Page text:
This week’s New Yorker cover is re-raising the Bert-and-Ernie-are-gay-lovers theory. As a Sesame Street fan, let me state unequivocally that Bert and Ernie are not gay lovers.
Sesame Workshop itself confirms this, stating that they are best friends who live together and nothing more. But the word of the characters’ creators is apparently not good enough for many people who want to see the Muppets as models of homosexual relationships.
How do I know Bert and Ernie are not gay lovers? If they were gay, Sesame Street would feature them making romantic passes at other male Muppets. If they were lovers, the show would have them make romantic passes at each other.
The producers of Sesame Street are smart. If they wanted Bert and Ernie to be models of gay relationships, they could play up that angle in a way that would be age-appropriate. But they aren’t models of sexuality—they are models of how to be friends with someone different from you.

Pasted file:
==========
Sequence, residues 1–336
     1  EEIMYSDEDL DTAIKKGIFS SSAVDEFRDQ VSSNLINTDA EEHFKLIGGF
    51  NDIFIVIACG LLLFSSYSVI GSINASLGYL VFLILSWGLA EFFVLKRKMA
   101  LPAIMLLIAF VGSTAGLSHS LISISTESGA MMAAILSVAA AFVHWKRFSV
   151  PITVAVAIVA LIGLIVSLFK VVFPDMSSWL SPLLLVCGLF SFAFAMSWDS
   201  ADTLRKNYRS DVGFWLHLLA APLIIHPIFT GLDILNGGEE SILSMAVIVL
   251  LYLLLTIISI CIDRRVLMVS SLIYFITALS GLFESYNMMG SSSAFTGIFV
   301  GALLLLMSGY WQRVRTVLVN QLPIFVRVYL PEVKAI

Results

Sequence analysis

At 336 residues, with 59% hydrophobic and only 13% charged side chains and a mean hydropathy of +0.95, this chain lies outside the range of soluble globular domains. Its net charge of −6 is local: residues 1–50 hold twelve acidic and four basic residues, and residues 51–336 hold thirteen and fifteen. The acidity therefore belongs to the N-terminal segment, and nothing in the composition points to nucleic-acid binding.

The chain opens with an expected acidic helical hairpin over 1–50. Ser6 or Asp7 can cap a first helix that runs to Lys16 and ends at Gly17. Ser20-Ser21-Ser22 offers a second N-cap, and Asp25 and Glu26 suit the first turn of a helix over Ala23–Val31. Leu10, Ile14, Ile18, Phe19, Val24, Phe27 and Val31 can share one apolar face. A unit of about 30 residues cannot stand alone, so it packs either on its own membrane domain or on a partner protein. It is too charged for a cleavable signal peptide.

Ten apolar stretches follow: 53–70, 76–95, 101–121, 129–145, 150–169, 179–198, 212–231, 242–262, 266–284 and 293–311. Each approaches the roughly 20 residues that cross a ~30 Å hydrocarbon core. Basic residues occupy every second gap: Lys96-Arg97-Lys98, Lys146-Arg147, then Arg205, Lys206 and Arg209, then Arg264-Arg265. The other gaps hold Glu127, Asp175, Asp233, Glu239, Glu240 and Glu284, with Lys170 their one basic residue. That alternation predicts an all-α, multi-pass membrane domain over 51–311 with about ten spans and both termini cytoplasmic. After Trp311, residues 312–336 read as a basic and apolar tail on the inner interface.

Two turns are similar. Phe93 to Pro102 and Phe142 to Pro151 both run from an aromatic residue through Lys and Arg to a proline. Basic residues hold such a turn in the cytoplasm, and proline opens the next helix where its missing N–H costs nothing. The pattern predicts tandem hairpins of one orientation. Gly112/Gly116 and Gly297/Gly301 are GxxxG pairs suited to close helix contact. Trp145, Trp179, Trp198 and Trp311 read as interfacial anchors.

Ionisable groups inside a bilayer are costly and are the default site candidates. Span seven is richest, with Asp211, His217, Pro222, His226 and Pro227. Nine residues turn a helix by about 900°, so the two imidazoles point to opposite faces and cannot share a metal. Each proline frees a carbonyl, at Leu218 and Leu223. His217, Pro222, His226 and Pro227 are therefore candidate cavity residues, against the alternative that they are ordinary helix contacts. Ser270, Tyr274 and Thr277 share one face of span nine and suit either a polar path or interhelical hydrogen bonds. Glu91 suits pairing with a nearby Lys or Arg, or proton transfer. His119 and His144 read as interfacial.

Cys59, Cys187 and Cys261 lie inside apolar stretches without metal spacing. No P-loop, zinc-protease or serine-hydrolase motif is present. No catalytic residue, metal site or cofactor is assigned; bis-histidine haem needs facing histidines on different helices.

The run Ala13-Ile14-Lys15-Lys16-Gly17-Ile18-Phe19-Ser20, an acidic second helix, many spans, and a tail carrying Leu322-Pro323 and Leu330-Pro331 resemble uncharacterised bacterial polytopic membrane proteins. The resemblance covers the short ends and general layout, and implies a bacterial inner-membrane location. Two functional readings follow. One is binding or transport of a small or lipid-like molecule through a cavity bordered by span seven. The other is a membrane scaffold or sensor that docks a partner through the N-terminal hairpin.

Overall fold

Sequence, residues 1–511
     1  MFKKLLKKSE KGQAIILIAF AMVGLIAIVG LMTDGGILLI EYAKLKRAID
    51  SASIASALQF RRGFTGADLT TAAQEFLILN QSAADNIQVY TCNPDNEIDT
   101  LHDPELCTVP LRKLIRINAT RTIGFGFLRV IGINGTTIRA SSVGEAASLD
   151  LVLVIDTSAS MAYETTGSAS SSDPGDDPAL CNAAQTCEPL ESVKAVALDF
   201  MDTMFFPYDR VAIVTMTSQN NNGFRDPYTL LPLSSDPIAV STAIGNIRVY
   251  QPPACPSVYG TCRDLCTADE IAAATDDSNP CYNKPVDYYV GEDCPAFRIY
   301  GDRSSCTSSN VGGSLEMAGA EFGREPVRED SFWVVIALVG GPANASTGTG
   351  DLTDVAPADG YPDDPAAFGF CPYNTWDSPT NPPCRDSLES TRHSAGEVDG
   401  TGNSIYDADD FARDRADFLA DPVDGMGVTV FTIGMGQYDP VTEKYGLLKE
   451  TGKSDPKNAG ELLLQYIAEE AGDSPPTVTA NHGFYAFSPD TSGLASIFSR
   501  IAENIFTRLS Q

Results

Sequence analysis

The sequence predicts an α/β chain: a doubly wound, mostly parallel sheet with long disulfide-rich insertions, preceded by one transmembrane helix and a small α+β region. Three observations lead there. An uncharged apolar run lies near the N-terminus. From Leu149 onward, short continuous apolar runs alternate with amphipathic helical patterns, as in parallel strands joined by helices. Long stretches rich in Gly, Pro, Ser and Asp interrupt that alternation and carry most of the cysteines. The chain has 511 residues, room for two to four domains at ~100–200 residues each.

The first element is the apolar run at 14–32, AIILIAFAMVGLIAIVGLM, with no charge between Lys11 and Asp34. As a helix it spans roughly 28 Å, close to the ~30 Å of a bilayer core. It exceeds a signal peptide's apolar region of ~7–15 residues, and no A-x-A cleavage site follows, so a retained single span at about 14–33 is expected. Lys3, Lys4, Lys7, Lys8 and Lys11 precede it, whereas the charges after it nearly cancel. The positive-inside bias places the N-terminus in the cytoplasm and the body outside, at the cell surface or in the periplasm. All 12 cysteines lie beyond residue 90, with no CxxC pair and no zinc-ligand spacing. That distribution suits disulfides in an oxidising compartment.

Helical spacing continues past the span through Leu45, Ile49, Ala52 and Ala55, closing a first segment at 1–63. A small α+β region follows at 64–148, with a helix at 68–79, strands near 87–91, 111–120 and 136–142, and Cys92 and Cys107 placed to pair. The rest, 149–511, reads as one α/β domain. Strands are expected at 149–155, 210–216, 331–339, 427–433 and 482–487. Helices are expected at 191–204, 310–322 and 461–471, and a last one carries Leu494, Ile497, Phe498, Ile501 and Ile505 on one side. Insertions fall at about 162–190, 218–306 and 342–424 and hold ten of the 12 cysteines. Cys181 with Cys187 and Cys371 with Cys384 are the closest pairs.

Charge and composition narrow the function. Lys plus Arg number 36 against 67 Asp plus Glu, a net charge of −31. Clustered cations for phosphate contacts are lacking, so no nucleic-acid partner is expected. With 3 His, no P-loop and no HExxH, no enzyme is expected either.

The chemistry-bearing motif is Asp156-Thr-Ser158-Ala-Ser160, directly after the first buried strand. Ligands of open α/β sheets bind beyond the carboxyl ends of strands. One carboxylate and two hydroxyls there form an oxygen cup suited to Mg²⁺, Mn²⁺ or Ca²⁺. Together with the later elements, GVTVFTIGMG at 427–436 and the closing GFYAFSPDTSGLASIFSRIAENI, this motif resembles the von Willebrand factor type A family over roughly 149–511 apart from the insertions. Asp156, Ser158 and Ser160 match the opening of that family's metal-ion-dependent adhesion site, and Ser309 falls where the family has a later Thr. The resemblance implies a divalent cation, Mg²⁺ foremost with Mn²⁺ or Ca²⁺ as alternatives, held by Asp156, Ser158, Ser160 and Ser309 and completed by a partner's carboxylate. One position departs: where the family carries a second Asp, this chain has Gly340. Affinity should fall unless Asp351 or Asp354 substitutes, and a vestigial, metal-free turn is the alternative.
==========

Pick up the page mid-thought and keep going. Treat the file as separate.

That said, it doesn’t really bother me that much that Bert and Ernie are misidentified as gay lovers. As supposed homosexual icons, the gay rights community could do much worse.
If Bert and Ernie were gay, they would certainly be different from the homosexuals described by the religious right, which portrays gays as miserable, immoral, evil people. Gays hate America and Christianity, they say. They choose to be gay specifically to wage war against straight people and God. They prey on children, have unprotected sex with many partners, and enjoy giving each other AIDS.
But Bert and Ernie are model human beings. They like each other, despite their differences. They live well together. They get along. They help each other out. They share an unconditional friendship. They have an ideal relationship, regardless of whether it is platonic or romantic.
To say Bert and Ernie are gay is inaccurate, but given other inaccuracies about homosexuality out there, it’s an inaccuracy worth embracing.